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Anal Cancer

Our unit is involved in world-leading research in cancer, inflammatory bowel disease, and enhanced recovery after surgery (ERAS).

Although Karolinska currently is not a domestic provider of oncological treatment for anal cancer, competence, and facilities for such treatment are available. Our surgical unit has unique expertise in performing anal cancer surgery. 
 
Karolinska University Hospital is a national and regional referral center for patients with advanced colorectal cancer requiring extensive, complex oncological and surgical treatment. Our CRC unit performs cytoreductive surgery with HIPEC (intra abdominal treatment with chemotherapy) as well as advanced multi organ resection surgery as indicated. 
 
When possible, are performed with minimally invasive techniques, including robotic and laparoscopic surgery, although complex situations may require open surgery. All patients are treated within an enhanced recovery after surgery (ERAS) protocol, which has been shown to significantly reduce complications and length of hospital stay after surgery. Our unit is also involved in world-leading research in cancer, inflammatory bowel disease, and ERAS. 

Anal cancer is a rare disease, but the least uncommon form is squamous cell anal cancer. A biopsy is used to make a diagnosis, and it is essential to stain for HPV association (preferably by p16 staining).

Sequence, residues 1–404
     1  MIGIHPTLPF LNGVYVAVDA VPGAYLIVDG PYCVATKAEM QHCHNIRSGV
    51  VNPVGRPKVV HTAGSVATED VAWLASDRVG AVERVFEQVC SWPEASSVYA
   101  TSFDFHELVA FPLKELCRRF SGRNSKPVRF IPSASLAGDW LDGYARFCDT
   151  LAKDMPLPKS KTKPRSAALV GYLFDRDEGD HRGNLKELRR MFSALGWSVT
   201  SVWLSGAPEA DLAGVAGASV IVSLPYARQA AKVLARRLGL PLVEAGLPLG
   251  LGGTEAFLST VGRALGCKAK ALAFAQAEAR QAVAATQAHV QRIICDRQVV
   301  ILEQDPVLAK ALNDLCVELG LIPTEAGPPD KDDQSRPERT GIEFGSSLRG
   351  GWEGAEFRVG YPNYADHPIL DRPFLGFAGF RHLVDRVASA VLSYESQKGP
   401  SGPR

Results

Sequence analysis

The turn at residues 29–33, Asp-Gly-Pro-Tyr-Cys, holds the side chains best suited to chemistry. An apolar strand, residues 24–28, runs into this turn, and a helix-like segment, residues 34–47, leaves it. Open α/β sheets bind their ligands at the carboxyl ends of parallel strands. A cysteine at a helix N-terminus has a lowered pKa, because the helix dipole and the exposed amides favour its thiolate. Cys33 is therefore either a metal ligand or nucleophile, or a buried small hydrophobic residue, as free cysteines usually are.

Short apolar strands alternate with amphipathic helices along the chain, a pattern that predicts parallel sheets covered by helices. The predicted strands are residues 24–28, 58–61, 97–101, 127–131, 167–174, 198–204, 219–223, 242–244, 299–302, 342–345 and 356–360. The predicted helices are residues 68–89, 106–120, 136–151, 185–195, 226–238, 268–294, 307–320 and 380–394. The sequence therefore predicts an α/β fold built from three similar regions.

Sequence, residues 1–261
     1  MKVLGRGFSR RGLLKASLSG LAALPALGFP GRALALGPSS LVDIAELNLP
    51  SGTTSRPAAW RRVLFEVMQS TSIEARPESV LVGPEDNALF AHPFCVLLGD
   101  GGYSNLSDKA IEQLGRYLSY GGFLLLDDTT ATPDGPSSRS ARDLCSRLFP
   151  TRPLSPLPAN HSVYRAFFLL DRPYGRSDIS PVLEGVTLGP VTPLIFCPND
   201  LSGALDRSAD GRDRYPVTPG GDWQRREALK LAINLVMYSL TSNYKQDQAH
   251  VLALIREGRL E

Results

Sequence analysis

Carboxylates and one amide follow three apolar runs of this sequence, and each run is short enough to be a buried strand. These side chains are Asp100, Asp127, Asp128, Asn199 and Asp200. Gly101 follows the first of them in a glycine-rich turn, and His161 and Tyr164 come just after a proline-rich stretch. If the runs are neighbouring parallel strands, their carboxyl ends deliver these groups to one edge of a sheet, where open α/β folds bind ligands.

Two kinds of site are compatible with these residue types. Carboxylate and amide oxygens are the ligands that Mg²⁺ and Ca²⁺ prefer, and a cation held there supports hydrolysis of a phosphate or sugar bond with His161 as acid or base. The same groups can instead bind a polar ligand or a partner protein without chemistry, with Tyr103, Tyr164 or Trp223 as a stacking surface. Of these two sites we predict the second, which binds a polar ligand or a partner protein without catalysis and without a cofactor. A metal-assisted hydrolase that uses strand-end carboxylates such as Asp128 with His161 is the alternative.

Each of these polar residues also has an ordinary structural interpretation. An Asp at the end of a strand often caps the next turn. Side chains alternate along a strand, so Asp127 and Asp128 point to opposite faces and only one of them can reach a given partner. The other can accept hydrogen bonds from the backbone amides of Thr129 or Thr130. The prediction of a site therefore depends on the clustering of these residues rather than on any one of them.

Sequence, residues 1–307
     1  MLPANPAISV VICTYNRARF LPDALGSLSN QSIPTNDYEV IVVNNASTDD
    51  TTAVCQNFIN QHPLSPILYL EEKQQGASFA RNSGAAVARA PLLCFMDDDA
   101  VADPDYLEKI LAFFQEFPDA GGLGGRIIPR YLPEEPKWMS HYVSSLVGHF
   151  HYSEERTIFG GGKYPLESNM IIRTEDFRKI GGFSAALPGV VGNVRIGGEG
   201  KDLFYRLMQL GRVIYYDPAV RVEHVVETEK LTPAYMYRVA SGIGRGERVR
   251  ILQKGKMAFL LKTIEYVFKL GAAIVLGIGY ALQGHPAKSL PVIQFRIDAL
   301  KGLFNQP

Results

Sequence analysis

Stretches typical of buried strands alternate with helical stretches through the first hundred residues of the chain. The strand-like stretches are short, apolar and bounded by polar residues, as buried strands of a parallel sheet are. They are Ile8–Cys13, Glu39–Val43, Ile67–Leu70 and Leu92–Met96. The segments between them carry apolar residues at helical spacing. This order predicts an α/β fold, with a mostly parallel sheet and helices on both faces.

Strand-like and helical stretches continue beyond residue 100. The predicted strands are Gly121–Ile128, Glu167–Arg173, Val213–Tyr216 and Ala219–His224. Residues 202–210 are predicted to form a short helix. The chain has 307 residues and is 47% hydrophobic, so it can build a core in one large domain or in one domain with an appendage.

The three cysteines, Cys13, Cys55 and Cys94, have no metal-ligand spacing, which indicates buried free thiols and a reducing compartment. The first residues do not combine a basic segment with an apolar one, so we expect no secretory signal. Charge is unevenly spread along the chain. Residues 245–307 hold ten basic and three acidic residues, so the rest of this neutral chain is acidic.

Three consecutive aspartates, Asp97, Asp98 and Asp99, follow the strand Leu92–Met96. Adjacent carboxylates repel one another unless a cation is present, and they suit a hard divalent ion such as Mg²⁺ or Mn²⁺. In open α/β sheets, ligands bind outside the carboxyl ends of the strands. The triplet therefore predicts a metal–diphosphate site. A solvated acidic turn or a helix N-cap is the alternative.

Apart from a thorough clinical examination, an MRI of the pelvis and a PET/CT should be performed to select the optimal treatment. 

For most patients with anal cancer, combined chemoradiation (CRT) is the primary treatment, and surgery is reserved for poor responders to this therapy or after locally recurrent disease. For Swedish patients, CRT for anal cancer is not provided at Karolinska because of national centralization to four other units. However, in Sweden, there is an ongoing randomized trial examining the role of proton radiotherapy in this diagnosis. Patients needing surgery most often require complete excision of the rectum with a permanent colostomy, but for some patients, a full pelvic exenteration may be required. Patients with distant metastasis should be managed after individualized assessment. 
 
In the case of localized anal cancer, the chance of a complete response after CRT exceeds 80% and chances for long-term survival are significant. 

Oncology

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